Real Life is Stranger than Fiction (or Reality Shows)

Filed in Uncategorized by on May 23, 2014 0 Comments

I have met some very interesting people who either needed coaching, wanted to ask my thoughts to help out a friend or just wanted to share a commentary on their own lives.  The situations we allow in our own lives are frustrating.  The challenges we face are truly stranger than fiction, because many of us have had to accept the brokenness of growing up in single parent and/or dysfunctional homes for much of our lives and repeating the process.  Here are a few things families have to be aware of as they are raising children who are at risk of repeating cycles of dysfunction:

More is Caught than Taught

We want our children to listen, but what they do more than listen is imitate.  In other words, more of what you do is caught than what you say to them is being taught.  They saw what their “normal” looked like growing up and they imitate it.  If their father was in the home, but had a woman on the side that everyone knew about but no one talked about, they develop the mindset that this is how a family operates.  If a daughter sees her Dad on occasion, but they see Mom working hard to make it happen, this is what they believe life is supposed to like.  On the flip side, if a son sees his father holding it down, but his mom is absent or dealing with addiction or some other debilitating situation, then the son is going to have a misguided connotation of what the role of a woman is in a relationship.  As parents, husbands and wives, we must be cognizant of what our children see, because what they see is often what they become.

What You Do Impacts More than Just You Aloneasian boy and quarreling parents

Unfortunately, there are many selfish people with children in our community.  I’m a relationship coach, so I am well aware that if a person isn’t happy and they are “faking happiness” for the good of their children, that won’t work either.  What we have to accept is that when we get married and take on the covenant of taking care of our wives and children, they now become more than just a duty—they are a part of our purpose.  Everything we do impacts them.  Everything.  Your happiness (and I’m talking to men specifically here) resides in serving your wife and children in love.  You should still have a purposeful and fulfilling life outside of your family, but whatever issues you have in the family must be worked out in your own home.  Not talking to a friend.  Not talking to another woman who is likely trying to get with you anyway.  Talk to your wife.  Resolve your marriage issues.  If that doesn’t work invest in the most important thing in your life (your relationship) and hire a marriage counselor or coach to help you through it.  If you allow your relationship to suffer, your children suffer and they DEFINITELY take it with them as they grow into new relationships.  Parents would be the best relationship coaches in the world, if they showed their kids the correct way to deal with the challenges, trials and victories in relationships.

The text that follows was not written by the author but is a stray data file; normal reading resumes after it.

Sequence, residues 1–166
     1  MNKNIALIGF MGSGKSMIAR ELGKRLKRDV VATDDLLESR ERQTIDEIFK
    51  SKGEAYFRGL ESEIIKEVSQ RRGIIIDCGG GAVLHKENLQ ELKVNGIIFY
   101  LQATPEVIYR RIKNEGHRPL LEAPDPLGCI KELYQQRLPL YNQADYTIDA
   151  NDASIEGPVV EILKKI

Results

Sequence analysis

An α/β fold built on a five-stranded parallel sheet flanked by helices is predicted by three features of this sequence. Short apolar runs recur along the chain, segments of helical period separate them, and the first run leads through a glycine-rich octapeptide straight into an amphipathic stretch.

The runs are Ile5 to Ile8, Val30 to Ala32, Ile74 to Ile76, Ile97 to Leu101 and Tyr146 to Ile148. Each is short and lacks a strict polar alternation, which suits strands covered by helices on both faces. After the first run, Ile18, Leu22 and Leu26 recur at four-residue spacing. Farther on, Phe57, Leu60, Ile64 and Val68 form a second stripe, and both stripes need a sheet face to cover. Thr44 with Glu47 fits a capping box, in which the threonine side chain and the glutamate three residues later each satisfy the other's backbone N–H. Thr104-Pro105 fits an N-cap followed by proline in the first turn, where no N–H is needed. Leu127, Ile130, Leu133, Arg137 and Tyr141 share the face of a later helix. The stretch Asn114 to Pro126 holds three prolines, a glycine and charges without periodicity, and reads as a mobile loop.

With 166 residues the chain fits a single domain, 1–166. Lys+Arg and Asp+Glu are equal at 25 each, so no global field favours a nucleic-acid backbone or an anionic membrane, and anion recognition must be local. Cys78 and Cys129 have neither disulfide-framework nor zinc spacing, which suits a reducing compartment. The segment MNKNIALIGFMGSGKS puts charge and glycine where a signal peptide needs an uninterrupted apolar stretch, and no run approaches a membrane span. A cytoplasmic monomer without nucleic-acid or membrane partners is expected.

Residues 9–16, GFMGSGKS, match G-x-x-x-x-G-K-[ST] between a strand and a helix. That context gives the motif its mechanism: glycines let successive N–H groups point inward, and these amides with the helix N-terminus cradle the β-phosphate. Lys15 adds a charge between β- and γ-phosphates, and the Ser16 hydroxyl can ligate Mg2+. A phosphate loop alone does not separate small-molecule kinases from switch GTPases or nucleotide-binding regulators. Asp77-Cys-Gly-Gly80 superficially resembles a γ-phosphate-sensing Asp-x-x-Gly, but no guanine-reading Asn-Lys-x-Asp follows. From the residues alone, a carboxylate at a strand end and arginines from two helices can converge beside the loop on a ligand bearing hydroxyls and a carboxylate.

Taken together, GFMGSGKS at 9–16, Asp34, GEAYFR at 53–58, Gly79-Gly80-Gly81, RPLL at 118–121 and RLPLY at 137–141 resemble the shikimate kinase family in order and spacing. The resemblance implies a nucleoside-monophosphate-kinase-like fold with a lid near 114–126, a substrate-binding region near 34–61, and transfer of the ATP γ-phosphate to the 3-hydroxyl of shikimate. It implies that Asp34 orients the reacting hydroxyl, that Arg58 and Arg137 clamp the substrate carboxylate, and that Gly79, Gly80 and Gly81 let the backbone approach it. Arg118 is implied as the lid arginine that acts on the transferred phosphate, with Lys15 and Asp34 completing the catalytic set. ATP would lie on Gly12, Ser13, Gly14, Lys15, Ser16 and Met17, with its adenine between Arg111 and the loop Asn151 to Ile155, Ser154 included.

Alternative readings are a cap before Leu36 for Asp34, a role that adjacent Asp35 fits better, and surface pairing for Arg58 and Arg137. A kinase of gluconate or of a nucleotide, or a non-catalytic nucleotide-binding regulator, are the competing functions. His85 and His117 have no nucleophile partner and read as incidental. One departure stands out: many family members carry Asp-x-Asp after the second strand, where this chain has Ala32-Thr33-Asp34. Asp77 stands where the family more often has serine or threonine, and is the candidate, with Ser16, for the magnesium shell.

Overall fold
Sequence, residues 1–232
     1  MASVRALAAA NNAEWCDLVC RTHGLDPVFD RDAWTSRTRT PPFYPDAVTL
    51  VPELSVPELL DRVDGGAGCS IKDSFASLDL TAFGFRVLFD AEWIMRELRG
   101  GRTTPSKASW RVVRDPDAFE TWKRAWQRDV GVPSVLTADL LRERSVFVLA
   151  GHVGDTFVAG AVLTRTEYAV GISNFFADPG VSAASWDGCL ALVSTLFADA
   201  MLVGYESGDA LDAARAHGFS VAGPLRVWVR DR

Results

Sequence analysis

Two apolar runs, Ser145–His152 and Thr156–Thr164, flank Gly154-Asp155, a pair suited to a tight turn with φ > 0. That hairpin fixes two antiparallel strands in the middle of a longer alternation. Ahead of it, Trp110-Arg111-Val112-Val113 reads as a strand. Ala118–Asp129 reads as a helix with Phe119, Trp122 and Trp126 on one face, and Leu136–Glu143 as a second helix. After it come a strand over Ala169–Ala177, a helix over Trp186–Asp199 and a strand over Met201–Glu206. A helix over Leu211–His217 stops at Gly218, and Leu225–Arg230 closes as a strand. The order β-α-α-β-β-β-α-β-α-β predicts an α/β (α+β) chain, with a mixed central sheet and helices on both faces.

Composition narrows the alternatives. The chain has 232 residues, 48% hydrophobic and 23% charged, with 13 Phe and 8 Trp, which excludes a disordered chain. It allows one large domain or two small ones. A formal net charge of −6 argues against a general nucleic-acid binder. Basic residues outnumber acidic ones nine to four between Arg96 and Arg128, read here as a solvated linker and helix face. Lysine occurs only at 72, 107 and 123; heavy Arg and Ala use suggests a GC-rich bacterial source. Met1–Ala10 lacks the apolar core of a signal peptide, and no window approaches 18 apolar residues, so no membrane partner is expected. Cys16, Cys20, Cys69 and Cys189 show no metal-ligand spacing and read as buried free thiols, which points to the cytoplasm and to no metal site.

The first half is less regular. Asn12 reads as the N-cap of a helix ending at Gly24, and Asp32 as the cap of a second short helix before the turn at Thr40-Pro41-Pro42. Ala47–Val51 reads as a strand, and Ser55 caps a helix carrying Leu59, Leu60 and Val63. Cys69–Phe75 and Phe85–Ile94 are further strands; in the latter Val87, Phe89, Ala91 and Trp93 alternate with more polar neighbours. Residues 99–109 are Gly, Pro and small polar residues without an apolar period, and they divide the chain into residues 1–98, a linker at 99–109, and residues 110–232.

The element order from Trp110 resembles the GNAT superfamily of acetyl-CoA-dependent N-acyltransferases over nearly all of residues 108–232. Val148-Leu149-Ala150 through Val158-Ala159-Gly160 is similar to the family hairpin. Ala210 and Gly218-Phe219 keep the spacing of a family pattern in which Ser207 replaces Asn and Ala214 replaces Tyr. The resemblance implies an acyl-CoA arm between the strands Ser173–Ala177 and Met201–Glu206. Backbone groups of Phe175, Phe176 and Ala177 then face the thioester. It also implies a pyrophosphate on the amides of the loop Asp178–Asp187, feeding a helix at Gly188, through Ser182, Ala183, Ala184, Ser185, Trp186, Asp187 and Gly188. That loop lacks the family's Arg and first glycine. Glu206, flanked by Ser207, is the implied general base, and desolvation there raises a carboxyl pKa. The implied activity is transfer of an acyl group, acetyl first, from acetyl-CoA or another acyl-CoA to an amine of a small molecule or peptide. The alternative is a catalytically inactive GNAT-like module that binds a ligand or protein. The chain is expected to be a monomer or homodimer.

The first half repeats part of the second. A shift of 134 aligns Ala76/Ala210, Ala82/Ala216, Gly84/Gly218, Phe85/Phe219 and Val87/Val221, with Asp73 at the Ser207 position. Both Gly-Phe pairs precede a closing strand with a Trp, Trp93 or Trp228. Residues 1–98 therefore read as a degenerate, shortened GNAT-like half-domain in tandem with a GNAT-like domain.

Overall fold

Upset young couple sitting on bed separatelyDivorce is Not a Strategy for Conflict Resolution

Men and women should repeat this subtitle aloud.  Divorce…is not…a strategy…for conflict resolution.  Period.  Marriages can deteriorate over very small issues.  Those small issues lead to bigger issues.  Bigger issues lead to sleeping in separate bedrooms.  Before you know it, couples aren’t speaking and someone brings up the “D” word.  This is an unacceptable practice in society as a whole and it’s totally unacceptable in our community where only 31% of our children have a mother and father present in the home (according to data from the American Community Survey, a division of the U.S. Census).  Divorce is not a strategy for anything, it is an absolute with tremendous consequences for everyone involved.  When the drama starts, tell your mate “I’m staying, we’re not breaking up, now how are we going to work it out?”  When you take divorce away as an option, you will work to find peace and happiness in your lives, relationships and marriages.

Reality shows and fiction have nothing on real life challenges.  If you take the responsibility to work through the issues and not revisit the same issues constantly, you will make strides to change your family for generations to come.

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About the Author ()

Jay Hurt is the author of The 9 Tenets of a Successful Relationship-for Singles. Personal experience, a liberation through faith and an appreciation for his perspective led Jay to share his insight on relationships. Dealing with challenging topics by confronting them with faith and common sense, Jay aspires to share wisdom to help others become fulfilled and blessed in their relationships. Jay lives in Nashville, TN and has two daughters, Kristina and Jalen.

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